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And there had been many visitors to the château through the years, many guests stopping for a night, as was customary, or even a week’s lodging on their way to or from Bordeaux. So many nobles with their sparkling coats and shimmering gowns. But this visitor was different. He was a noble, to be sure, a count. And he was the most beautiful person that young girl had ever seen, with shiny locks of dark hair falling in curls past his shoulders, and rings glittering from his fingers. He wore blue rosettes on his heeled slippers, and a hat that was both larger and floppier than her cousin, Alexandre’s. He was all dark and very tall. He’d caught the little girl’s gaze a time or two as he talked in the entrance hall with her papa, but he had promptly disregarded it. And then he had proceeded to ply her papa with news from the court. Though she had asked after the Queen, the man told her women were of little importance, and her papa had hushed her. When she drifted from the hall, neither of them noticed. It was that which had driven her to the guest’s room. She wasn’t used to being ignored. And becoming a woman like her maman was the only thing she’d ever wished to do. She was quite sure the guest wouldn’t like her looking over his things, and that’s exactly why she had done it. But now, she paused at the trunk with her fingers hooked over its edge as she stared at the lace. The bishop had worn this sort of cuff when he said Mass on Easter day. It spumed from the cuffs of his alb like a froth on fresh milk. She stretched out a hand toward it… should she? I watched as she bit her lip in thought. In that gossamer world of dreams where time twists and space shifts, I was everywhere and nowhere at once. I saw the back of her head, watched that mass of golden ringlets 34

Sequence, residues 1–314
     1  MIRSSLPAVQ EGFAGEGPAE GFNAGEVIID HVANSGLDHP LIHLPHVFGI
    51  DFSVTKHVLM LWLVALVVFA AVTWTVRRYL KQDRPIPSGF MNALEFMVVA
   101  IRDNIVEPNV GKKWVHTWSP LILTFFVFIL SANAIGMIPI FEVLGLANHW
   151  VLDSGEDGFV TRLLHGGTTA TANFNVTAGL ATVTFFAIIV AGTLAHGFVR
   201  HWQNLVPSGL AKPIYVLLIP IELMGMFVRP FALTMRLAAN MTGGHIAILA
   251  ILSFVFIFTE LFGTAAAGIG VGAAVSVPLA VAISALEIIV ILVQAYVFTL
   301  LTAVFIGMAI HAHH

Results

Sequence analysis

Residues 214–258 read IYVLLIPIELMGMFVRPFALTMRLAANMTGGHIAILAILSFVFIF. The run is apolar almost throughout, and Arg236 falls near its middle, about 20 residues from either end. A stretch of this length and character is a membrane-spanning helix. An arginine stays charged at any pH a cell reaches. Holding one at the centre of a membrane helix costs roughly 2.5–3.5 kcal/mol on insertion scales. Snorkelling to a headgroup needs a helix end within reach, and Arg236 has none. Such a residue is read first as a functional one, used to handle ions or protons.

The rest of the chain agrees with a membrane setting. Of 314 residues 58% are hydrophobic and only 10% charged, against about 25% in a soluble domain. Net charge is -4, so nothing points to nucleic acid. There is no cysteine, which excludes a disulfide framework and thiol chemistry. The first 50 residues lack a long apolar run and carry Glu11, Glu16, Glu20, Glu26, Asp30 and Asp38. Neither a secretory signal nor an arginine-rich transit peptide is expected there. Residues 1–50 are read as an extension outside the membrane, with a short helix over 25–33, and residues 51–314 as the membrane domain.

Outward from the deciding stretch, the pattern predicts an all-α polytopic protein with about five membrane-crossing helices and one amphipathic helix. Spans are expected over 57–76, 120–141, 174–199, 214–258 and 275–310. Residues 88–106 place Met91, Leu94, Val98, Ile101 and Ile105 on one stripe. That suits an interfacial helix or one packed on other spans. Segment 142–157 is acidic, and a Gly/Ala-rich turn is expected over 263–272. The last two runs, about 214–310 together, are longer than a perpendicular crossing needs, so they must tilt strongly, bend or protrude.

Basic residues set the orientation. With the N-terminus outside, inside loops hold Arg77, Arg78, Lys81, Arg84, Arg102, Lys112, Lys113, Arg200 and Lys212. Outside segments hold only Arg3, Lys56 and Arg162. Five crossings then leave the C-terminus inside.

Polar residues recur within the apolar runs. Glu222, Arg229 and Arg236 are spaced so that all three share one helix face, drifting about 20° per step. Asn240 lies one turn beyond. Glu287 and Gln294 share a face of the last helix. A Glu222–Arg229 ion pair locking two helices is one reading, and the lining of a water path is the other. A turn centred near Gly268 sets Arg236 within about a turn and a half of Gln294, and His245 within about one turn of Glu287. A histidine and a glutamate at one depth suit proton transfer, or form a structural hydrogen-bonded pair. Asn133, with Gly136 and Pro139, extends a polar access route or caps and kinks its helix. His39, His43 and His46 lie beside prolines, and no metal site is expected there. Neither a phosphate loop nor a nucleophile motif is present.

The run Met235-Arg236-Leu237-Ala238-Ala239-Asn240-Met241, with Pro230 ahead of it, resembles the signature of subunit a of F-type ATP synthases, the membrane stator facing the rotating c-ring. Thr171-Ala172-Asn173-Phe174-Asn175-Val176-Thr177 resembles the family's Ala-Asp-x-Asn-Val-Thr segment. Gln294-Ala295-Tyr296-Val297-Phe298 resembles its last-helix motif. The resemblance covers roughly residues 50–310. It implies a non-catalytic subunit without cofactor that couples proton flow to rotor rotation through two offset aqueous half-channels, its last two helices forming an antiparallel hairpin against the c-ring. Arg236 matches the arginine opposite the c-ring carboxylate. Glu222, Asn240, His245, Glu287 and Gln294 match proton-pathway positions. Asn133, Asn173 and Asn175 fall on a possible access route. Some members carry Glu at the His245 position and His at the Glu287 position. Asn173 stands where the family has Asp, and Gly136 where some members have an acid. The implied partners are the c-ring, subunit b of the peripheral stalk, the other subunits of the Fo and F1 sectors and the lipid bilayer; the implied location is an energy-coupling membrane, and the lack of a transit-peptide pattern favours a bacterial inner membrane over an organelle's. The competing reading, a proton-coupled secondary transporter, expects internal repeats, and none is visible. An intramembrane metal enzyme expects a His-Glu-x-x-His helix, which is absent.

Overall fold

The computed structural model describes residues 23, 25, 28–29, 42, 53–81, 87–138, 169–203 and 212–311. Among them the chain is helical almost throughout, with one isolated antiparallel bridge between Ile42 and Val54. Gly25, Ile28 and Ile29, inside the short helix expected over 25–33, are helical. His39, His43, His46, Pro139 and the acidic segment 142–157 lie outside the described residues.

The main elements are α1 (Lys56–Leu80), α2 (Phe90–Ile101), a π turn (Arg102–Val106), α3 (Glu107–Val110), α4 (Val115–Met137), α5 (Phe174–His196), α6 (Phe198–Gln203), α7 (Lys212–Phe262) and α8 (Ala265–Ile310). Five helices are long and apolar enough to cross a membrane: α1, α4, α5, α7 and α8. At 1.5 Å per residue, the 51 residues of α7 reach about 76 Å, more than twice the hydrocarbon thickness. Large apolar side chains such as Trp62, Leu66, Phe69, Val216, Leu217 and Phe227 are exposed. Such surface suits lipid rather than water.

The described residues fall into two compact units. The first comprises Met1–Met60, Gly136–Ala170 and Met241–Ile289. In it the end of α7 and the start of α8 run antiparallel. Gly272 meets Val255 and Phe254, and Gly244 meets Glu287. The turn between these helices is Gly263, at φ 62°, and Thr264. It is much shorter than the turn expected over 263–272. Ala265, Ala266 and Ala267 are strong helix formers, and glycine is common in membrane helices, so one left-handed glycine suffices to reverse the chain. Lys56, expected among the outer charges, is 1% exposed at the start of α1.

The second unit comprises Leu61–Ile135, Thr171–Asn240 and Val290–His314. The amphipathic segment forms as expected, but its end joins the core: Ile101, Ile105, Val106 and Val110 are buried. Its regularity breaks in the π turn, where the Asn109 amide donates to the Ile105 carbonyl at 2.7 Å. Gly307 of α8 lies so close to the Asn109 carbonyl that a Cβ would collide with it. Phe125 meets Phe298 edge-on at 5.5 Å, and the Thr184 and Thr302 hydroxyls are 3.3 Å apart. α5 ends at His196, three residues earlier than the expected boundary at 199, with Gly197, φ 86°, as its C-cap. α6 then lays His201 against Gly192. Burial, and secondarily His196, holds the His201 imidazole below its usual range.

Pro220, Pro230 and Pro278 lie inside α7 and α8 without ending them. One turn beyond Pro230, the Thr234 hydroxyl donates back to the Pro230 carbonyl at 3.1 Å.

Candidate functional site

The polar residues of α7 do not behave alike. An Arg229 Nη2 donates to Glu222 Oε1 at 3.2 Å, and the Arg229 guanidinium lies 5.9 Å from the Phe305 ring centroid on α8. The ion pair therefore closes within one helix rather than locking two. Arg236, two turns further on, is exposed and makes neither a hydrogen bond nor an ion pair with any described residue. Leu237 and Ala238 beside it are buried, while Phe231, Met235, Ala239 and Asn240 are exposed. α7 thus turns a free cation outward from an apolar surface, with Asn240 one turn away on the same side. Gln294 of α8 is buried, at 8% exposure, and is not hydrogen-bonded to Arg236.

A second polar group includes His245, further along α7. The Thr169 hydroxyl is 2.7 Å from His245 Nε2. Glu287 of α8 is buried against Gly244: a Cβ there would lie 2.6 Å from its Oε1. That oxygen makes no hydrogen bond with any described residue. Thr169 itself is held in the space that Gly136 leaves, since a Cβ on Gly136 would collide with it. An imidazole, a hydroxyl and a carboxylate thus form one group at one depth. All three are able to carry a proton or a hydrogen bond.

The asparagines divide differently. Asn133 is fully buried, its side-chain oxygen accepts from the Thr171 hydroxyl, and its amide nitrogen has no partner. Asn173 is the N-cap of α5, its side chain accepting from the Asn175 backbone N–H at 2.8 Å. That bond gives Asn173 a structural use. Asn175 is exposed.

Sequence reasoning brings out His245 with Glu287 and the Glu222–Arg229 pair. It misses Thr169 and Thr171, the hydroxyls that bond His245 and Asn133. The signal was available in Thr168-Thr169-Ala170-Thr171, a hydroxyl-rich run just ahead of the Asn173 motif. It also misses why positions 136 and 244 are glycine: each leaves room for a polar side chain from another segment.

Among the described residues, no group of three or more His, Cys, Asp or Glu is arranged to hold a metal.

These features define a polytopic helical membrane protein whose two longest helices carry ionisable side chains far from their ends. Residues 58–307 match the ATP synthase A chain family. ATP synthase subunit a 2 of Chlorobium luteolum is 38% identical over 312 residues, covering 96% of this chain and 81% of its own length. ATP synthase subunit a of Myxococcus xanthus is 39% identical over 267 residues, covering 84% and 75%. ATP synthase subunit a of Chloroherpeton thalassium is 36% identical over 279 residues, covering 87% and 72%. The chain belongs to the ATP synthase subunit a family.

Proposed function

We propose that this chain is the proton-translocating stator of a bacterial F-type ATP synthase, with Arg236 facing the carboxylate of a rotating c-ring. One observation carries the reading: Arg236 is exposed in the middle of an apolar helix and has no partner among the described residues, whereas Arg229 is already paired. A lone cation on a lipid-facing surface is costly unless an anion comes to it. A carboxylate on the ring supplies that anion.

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tremble as she reached into the trunk. At the same time, I saw the glint of longing in her eyes as her hand hovered above the lace. The two cuffs were set into a bowl made by a pair of gloves. As she slid a hand beneath them, they released their perfumes of jasmine, orange blossoms, and carnations, scents so cloying she almost gagged. Perhaps they would dissuade her…but no. I felt tears of frustration prick my eyes. The little girl merely coughed, took in a deep breath through her mouth, and turned toward the lace once more. The scents had done nothing to deter her. But though she wanted to touch the cuffs, though she was prodded by a nearly irresistible frisson of desire, she did not. Not at first, in any case. But soon, the inevitability of what must happen began to invade my dream. I tried to call out. I tried to make that young girl stop. To turn, at least, and listen for one moment to reason. But she would not be swayed. She would not be swayed because of what she saw. It was so…beautiful. So lovely. A yearning to hold it, for just one moment to possess her mother once more, took hold of her. You must not do it! Even in my dreams I felt that old, familiar weight of despair. I felt, again, the loss of all the lovely things we possessed no more: the tapestries and the Turkey carpets, the collection of enameled boxes and the jeweled crucifixes, the pairs of silver candlesticks. All of those humble comforts that had been luxuries to us, all those prized family treasures the little girl had caused to disappear. She dipped her hands into the trunk, and they came out clutching the lace cuffs. They were even more glorious, more magnificent than she had thought. A pattern of leaves and petals, intertwined with a filigree of scrollwork, repeating 35